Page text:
Honor Guards : For Those Touched by War, Memorial Day Is Chance to Remember : Always a Marine
“Hey, in real life I’m a banker,” said Jay Morales, laughing.
But Memorial Day reminds him that he’ll always be a Marine.
Morales, 45, hasn’t seen battle since he ended 56 months of combat and three tours of duty in Vietnam. He came home, bought a house near the sea in Huntington Beach, became a successful money man and watched his six children grow. Life goes on. And many of his days are Memorial Days.
On a recent rainy day in Washington, D.C., for example, he concluded business with a few hours to spare and decided to visit the Vietnam Veterans Memorial, which he hadn’t seen since 1984.
“All of a sudden the sun came out. It was bright and shiny as I started walking down the path, next to the slabs, following the names. I had been there before, but we went as a group, and we had a lot of preparation and nurturing.
“Now I was in a coat and tie, a 45-year-old adult on a business trip. I wasn’t prepared for what happened to me.”
Overcome by emotion, Morales paused before going on.
“I am walking by the names. I remember Vern and MacNulty and Don Sperl. There was a fellow on my last tour that I suddenly remembered very vividly when I saw his name. I visualized his face, his smile, his freckles and how loose he was. He was a real good kid. I didn’t expect to see him there, though I knew he was killed. I saw (the names of) John Hernandez, Staff Sgt. Jack Russell, all guys my age. And they would be where I am today. But they are on the wall.”
Morales says the visit hit him “like such a ton of bricks that I couldn’t hold my emotions in. I came back to L.A. and was sick for a whole week.”
He, his wife, Lorraine, and veterans from Post 8 of the Veterans of Foreign Wars--a post he helped found--will attend Memorial Day ceremonies at Riverside National Cemetery near March Air Force Base. “It’s a beautiful spot for remembering,” he said.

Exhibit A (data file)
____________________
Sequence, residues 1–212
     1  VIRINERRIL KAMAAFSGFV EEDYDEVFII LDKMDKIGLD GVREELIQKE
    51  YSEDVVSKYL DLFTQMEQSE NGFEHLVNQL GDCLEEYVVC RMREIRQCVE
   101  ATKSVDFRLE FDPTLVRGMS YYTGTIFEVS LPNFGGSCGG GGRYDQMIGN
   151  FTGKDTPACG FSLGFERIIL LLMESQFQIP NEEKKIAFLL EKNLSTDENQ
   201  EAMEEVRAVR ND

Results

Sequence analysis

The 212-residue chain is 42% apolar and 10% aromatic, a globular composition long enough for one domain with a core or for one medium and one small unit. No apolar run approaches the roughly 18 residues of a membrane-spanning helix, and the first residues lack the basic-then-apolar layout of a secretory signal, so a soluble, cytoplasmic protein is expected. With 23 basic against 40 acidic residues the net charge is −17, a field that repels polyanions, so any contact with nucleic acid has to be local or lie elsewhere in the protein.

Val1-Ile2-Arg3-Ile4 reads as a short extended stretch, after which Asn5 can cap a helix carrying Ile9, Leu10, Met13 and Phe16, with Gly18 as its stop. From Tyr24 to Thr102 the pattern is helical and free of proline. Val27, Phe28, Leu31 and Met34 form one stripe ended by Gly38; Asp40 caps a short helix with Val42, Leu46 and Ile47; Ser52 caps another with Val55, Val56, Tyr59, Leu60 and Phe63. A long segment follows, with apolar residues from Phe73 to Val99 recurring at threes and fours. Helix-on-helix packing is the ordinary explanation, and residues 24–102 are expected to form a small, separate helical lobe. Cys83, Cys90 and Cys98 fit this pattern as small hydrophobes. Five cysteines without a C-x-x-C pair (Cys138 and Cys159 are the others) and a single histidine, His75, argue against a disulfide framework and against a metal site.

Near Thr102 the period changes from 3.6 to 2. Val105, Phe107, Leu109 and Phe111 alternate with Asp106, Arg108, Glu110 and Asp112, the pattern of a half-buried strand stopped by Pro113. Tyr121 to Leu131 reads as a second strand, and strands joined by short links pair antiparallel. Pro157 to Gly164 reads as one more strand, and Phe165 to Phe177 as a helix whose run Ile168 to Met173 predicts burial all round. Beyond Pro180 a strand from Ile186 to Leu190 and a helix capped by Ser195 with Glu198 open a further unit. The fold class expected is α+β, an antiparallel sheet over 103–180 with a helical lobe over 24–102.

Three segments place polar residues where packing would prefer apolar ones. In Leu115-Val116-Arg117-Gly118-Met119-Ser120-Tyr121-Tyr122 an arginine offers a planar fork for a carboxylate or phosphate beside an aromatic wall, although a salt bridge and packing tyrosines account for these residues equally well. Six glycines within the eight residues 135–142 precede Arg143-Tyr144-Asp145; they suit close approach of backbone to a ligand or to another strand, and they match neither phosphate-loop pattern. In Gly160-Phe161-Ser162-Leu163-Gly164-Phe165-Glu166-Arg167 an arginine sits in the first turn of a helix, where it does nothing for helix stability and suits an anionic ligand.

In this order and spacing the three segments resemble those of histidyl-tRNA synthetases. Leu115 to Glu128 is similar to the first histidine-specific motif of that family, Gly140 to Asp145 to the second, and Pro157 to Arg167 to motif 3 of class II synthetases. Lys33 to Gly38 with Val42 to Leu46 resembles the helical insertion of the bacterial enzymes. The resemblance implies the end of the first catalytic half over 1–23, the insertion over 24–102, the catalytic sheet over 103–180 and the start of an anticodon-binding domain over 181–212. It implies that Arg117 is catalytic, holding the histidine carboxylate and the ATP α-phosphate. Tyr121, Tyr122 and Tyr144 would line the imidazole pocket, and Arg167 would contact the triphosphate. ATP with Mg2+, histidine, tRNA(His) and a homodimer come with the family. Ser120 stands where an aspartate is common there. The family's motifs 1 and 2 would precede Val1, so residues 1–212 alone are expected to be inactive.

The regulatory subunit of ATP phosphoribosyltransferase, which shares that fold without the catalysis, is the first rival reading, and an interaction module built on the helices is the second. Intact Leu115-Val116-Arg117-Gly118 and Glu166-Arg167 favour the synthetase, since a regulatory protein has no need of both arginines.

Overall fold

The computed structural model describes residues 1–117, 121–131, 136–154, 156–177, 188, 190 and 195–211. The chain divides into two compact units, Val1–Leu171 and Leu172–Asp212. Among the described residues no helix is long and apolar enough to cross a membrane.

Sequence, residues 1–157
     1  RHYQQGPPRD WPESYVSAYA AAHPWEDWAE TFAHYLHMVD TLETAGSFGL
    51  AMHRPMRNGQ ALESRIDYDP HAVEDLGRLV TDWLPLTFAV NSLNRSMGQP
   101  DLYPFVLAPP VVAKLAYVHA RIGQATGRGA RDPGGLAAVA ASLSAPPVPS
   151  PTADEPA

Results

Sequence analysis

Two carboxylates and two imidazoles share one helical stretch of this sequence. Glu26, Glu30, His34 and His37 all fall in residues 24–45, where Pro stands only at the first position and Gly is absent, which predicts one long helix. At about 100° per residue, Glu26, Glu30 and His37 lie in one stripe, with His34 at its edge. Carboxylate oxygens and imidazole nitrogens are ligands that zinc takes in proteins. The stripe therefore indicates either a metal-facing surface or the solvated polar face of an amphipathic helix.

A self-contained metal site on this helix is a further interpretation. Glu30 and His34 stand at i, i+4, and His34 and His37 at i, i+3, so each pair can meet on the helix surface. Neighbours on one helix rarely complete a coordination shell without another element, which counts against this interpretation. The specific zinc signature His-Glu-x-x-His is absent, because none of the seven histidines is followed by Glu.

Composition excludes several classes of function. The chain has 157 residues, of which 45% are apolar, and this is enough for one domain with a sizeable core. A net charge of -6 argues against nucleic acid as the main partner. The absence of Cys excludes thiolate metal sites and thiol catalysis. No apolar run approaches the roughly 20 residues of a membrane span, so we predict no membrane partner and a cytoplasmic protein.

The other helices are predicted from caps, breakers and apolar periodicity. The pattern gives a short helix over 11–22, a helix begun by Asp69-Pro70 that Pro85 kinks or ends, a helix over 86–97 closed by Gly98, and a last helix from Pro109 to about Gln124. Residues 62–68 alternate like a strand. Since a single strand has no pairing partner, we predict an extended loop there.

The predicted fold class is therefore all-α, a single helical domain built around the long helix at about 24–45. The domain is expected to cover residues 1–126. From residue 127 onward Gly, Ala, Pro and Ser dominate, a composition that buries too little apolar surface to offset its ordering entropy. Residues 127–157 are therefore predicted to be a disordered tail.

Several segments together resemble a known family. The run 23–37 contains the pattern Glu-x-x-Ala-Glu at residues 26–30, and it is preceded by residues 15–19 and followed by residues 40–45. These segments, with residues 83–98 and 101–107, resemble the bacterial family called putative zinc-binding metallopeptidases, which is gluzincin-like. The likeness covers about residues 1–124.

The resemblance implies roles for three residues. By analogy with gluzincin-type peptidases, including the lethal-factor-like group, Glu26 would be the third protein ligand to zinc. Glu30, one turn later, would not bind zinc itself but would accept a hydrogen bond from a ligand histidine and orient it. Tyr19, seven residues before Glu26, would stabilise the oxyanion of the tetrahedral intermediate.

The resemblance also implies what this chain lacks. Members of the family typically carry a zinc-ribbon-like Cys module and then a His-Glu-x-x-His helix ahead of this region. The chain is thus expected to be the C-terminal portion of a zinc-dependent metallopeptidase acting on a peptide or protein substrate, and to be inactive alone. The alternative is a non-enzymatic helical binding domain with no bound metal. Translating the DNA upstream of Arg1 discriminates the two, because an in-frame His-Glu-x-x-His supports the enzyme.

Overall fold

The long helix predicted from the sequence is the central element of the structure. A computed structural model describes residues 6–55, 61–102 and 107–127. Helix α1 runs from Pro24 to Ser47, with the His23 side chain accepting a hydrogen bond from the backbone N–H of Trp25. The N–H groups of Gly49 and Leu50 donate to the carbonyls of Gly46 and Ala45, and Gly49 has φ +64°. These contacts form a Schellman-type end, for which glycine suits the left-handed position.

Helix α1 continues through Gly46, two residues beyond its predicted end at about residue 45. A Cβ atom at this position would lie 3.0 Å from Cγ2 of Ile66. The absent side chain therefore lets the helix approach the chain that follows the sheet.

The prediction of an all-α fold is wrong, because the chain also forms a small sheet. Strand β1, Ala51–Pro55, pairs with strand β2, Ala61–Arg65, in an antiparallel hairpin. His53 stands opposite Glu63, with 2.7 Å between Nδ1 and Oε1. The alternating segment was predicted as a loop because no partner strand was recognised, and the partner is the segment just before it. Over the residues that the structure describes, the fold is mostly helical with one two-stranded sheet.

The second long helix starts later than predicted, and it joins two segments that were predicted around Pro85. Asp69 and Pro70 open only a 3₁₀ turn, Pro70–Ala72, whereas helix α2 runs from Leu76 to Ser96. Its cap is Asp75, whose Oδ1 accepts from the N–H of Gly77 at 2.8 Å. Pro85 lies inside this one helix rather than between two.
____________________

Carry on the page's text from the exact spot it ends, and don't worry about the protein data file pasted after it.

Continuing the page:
A Bataan Survivor
The sun was brutal, the men were dying, the march seemed endless. It took nine days for about 10,000 captive Americans and about 25,000 Filipinos to trudge from Bataan to San Fernando in the Philippines, in what came to be known as the “Bataan Death March” of World War II.
Andrew Aquila, now 72 and living in Northridge, survived. And so does the horror of the march.
“The enemy guards showed no mercy,” he recalled. “We were all so weak, sick, thirsty. We came to an artesian well, and anyone who tried to get water was either bayoneted or shot. A young fellow with malaria had asked us to help him walk. He was crying hysterically for water. So when we got to the well we sat him on the ground and decided to take a chance. But the guards saw. Instead of killing us, they walked up and fired at him--point blank. Then they kicked him to the side.”
Aquila excused himself for crying as he talked. “Maybe 600 Americans were killed on the march, and when we got to San Fernando they loaded us on box cars and sent us to O’Donnell camp in Capas in the Philippines. Our boys died there at the rate of 50 or 60 a day. We couldn’t bury them fast enough so the bodies rotted, and when we picked them up the flesh stuck to our hands.” Aquila’s words were again muffled by his tears.
Aquila celebrates Memorial Day with fellow members of the Disabled American Veterans, Chapter 73, of which both he and his wife are past commanders. Again this year, he will go to the chapter’s five-acre park in Woodland Hills, which Aquila says is maintained as “a memorial to our fallen comrades in all theaters and all wars.”